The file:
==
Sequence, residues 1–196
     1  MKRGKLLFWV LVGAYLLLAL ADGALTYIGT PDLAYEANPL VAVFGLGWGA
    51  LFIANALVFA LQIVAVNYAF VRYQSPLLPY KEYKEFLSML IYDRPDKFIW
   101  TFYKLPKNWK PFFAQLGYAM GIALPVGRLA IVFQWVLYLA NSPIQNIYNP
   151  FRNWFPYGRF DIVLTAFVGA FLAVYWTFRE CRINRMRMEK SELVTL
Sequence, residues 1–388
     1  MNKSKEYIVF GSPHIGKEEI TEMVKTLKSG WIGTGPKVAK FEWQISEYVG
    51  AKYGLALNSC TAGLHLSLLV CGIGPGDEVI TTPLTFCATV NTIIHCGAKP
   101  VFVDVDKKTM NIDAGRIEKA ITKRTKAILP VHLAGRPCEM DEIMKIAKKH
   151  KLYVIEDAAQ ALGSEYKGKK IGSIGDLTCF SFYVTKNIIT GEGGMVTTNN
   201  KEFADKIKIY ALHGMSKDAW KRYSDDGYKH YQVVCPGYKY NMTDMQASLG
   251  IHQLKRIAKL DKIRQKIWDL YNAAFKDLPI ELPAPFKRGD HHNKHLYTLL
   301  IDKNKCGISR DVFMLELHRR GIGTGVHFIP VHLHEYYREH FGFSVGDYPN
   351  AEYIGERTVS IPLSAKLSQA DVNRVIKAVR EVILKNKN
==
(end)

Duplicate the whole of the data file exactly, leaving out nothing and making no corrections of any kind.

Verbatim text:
Sequence, residues 1–196
     1  MKRGKLLFWV LVGAYLLLAL ADGALTYIGT PDLAYEANPL VAVFGLGWGA
    51  LFIANALVFA LQIVAVNYAF VRYQSPLLPY KEYKEFLSML IYDRPDKFIW
   101  TFYKLPKNWK PFFAQLGYAM GIALPVGRLA IVFQWVLYLA NSPIQNIYNP
   151  FRNWFPYGRF DIVLTAFVGA FLAVYWTFRE CRINRMRMEK SELVTL
Sequence, residues 1–388
     1  MNKSKEYIVF GSPHIGKEEI TEMVKTLKSG WIGTGPKVAK FEWQISEYVG
    51  AKYGLALNSC TAGLHLSLLV CGIGPGDEVI TTPLTFCATV NTIIHCGAKP
   101  VFVDVDKKTM NIDAGRIEKA ITKRTKAILP VHLAGRPCEM DEIMKIAKKH
   151  KLYVIEDAAQ ALGSEYKGKK IGSIGDLTCF SFYVTKNIIT GEGGMVTTNN
   201  KEFADKIKIY ALHGMSKDAW KRYSDDGYKH YQVVCPGYKY NMTDMQASLG
   251  IHQLKRIAKL DKIRQKIWDL YNAAFKDLPI ELPAPFKRGD HHNKHLYTLL
   301  IDKNKCGISR DVFMLELHRR GIGTGVHFIP VHLHEYYREH FGFSVGDYPN
   351  AEYIGERTVS IPLSAKLSQA DVNRVIKAVR EVILKNKN